name:      my-vm
      namespace: my-namespace
    spec:
      className:    small
      imageName:    vmi-xxxxxxxxxxxxx
      storageClass: iscsi
      vmMetadata:
        transport: CloudInit
        secretName: my-vm-bootstrap-data
    
    apiVersion: v1
    kind: Secret
    metadata:
      name:      my-vm-bootstrap-data
      namespace: my-namespace
    stringData:
      user-data: |
        #cloud-config
        users:
        - default
        - name: xyz..
          primary_group: xyz..
          groups: users
          ssh_authorized_keys:
          - ssh-rsa AAAAB3NzaC1yc2EAAAADAQABAAABAQDSL7uWGj...
        runcmd:
        - "ls /"
        - [ "ls", "-a", "-l", "/" ]
        write_files:
        - path: /etc/my-plaintext
          permissions: '0644'
          owner: root:root
          content: |
            Hello, world.

    Use the following example if you are deploying a VM in an environment with zones.

    To get the values for ZONE_NAME, run the kubectl get vspherezones command.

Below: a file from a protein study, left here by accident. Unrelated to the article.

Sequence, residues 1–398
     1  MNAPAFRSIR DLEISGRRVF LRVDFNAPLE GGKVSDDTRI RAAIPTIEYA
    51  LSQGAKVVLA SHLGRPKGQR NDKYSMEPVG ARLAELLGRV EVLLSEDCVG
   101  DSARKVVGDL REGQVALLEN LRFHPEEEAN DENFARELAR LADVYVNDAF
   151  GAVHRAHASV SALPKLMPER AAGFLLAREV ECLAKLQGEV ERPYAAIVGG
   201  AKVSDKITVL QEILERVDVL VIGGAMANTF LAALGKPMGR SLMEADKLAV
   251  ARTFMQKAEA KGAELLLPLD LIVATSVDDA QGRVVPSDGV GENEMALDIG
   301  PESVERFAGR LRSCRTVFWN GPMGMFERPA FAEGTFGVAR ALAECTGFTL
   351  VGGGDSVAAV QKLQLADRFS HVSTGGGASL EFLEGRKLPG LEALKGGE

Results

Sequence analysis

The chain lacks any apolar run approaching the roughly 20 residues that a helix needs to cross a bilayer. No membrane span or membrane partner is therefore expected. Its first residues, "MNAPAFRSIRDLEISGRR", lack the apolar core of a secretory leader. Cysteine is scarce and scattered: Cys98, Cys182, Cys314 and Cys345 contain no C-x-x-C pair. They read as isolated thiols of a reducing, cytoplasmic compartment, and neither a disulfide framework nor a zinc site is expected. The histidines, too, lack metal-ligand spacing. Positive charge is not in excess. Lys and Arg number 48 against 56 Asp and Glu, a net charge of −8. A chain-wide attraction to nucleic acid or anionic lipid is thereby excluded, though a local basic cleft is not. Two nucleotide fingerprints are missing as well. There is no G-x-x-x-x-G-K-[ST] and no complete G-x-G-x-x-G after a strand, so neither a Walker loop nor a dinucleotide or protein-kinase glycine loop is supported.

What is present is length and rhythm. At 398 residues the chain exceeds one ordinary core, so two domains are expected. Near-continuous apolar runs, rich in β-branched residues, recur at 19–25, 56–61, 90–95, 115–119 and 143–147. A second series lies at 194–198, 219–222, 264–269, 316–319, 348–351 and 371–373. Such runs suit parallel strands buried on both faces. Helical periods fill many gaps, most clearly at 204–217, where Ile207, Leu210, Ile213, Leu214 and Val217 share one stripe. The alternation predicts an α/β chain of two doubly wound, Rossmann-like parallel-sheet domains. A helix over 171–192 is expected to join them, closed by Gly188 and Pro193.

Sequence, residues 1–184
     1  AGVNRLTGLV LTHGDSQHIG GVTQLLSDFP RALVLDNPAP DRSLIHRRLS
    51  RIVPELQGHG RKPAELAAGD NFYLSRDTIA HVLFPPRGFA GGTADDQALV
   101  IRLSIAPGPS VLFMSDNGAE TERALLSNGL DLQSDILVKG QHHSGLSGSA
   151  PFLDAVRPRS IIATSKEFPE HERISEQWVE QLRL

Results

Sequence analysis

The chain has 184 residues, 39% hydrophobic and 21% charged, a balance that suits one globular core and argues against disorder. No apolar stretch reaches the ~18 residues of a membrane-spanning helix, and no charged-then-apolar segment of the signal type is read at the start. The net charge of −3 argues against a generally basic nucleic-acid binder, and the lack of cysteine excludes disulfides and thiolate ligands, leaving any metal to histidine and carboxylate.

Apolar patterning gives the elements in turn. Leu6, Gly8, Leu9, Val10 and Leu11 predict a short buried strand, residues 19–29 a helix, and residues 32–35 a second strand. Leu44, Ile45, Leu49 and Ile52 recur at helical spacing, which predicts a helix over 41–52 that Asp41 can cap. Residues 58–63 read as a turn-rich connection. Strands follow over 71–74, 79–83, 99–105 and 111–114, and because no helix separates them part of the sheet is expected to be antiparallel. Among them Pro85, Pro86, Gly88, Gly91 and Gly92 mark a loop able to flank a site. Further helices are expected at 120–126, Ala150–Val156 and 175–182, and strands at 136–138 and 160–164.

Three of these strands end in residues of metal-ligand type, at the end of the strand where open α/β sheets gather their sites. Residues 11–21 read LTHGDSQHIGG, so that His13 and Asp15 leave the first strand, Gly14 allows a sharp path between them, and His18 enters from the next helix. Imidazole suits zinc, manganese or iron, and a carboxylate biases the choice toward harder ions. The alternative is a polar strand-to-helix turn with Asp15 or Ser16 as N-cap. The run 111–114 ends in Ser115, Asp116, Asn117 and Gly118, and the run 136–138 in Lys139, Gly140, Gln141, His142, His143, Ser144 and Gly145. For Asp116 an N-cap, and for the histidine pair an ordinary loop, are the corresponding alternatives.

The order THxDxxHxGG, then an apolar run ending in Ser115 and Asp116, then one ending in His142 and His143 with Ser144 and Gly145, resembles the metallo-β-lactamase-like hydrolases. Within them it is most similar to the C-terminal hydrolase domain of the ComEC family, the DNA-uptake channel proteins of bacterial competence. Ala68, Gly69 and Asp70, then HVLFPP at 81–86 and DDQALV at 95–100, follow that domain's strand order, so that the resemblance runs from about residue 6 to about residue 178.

apiVersion: vmoperator.vmware.com/v1alpha1
    kind: VirtualMachine
    metadata:
      name: <vm-name>
      namespace: <vm-ns>
      labels:
        topology.kubernetes.io/zone: ZONE_NAME
    ...
  2. Deploy the VM.
    kubectl apply -f my-vm.yaml
  3. Verify that the VM has been created.
    kubectl get vm
    NAME              AGE
    my-vm             28s
  4. Check the VM details and its status.
    kubectl describe virtualmachine my-vm

    The output is similar to the following. From the output, you can also obtain the IP address of the VM, which appears in the Vm Ip field.

    Name:         my-vm